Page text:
Detroit Dropout Prevention Summit

Summit Location: Lawrence Technological University, Southfield, MI

Vision Statement: All children and youth in southeastern Michigan graduate from high school prepared for life, work, and postsecondary education.


  • United Way of Southeastern Michigan announced a $10M campaign to support post-summit action plans and sustain work on the ground.
  • More than 300 local education and business leaders, policy makers, philanthropists, parents, Michigan governor Jennifer Granholm, Michael Brennan, president and CEO of United Way of Southeastern Michigan, and Detroit Public Schools superintendent Dr. Connie Calloway.
  • Governor Jennifer Granholm reiterated her commitment to the “Small Schools Initiative” to allocate $300M to create 100 small high schools implementing proven best practices.

Progress Since Summit 

  • Significant media exposure for the issue of dropout prevention (both print and television)
  • Renewed commitments from school administrators to take action on the issue
  • Outreach to the state legislature around topics like increasing the compulsory school attendance age, reviewing current truancy policies and increasing parental engagement.
  • Detroit’s action plan has a long-term goal that high schools in the region with dropout rates of 40% or higher will be transformed into small schools or learning communities graduating 80% of youth with an average ACT score of 18 within four years after entering 9th grade.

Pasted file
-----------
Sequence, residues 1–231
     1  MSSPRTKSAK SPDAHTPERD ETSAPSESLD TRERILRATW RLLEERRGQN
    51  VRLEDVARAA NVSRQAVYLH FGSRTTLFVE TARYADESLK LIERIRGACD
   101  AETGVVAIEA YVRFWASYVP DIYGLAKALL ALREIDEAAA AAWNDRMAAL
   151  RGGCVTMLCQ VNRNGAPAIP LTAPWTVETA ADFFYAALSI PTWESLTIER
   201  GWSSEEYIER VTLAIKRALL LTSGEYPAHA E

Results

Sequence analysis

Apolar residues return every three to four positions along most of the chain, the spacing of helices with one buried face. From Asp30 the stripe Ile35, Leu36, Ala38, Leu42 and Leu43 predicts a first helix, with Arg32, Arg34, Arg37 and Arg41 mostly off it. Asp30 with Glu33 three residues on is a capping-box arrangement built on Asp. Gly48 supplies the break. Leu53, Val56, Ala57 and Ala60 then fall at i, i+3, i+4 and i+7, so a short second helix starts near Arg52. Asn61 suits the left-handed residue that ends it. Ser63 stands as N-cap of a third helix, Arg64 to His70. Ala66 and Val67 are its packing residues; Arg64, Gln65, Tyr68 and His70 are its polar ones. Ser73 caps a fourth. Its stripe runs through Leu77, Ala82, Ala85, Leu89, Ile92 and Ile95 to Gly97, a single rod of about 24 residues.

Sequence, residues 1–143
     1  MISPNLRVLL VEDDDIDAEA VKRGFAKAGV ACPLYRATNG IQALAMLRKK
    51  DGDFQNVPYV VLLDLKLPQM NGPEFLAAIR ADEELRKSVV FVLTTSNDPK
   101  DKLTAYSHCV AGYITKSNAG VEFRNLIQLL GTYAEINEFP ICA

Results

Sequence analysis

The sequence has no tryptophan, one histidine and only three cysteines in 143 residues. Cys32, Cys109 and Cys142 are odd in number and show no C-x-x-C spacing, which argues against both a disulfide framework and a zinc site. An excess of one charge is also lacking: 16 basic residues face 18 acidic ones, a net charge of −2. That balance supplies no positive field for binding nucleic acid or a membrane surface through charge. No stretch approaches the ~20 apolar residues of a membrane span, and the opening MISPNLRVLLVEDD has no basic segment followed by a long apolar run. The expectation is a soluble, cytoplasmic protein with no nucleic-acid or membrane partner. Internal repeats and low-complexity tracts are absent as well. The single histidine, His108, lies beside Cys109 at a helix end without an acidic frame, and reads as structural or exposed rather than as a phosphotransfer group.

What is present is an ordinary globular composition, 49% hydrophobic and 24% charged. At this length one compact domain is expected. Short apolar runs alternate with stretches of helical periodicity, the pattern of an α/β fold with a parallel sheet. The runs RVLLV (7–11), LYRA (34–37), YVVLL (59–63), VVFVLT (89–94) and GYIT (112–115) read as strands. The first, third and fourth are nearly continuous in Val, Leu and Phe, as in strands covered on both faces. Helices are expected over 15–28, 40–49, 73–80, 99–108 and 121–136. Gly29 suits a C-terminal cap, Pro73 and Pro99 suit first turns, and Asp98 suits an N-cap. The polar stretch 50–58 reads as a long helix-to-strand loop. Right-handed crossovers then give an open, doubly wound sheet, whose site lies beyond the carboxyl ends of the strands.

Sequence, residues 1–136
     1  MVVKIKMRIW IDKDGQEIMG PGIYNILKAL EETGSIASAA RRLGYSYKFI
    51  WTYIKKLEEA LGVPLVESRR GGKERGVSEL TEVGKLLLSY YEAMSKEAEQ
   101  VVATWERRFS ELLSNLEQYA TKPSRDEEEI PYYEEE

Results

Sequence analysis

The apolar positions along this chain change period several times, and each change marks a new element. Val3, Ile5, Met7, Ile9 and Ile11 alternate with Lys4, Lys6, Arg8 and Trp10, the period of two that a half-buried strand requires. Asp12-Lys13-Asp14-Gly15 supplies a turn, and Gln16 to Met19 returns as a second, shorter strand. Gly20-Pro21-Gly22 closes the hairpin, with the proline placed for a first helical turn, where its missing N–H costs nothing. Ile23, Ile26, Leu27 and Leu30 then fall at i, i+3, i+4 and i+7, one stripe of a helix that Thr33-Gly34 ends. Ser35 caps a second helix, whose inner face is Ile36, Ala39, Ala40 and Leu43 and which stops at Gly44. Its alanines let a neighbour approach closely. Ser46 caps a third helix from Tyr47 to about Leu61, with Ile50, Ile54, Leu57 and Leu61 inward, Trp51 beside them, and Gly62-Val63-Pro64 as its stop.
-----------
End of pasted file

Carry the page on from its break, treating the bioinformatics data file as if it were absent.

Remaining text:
• Of the 35 schools identified as dropout factories, 11 have been shuttered, reconstituted or clustered together for a comprehensive turnaround process.  5 schools are funded for comprehensive turnaround consistent with the Mass Insight Turnaround Model, which commits the schools to improving projected graduation rates from less than 60% to more than 80% in one year.
  • The Greater Detroit Venture Fund was created to incentivize school turnaround efforts in high schools with graduation rates of less than 60% for three consecutive years. The Fund was launched with a $10 million fundraising goal which will support partnerships between high schools and proven educational intermediaries that will work to create small, personalized learning environments.

Detroit's Dropout Prevention Action Plan